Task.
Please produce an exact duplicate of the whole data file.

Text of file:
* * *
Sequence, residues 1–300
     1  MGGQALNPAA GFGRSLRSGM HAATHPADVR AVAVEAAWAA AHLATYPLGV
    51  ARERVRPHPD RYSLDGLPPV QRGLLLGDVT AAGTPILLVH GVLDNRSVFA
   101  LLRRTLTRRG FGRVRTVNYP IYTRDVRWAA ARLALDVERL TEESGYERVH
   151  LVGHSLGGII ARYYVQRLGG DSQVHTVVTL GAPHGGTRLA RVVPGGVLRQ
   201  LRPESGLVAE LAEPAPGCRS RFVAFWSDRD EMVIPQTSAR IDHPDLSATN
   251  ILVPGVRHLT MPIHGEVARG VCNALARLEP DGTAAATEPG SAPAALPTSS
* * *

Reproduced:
Sequence, residues 1–300
     1  MGGQALNPAA GFGRSLRSGM HAATHPADVR AVAVEAAWAA AHLATYPLGV
    51  ARERVRPHPD RYSLDGLPPV QRGLLLGDVT AAGTPILLVH GVLDNRSVFA
   101  LLRRTLTRRG FGRVRTVNYP IYTRDVRWAA ARLALDVERL TEESGYERVH
   151  LVGHSLGGII ARYYVQRLGG DSQVHTVVTL GAPHGGTRLA RVVPGGVLRQ
   201  LRPESGLVAE LAEPAPGCRS RFVAFWSDRD EMVIPQTSAR IDHPDLSATN
   251  ILVPGVRHLT MPIHGEVARG VCNALARLEP DGTAAATEPG SAPAALPTSS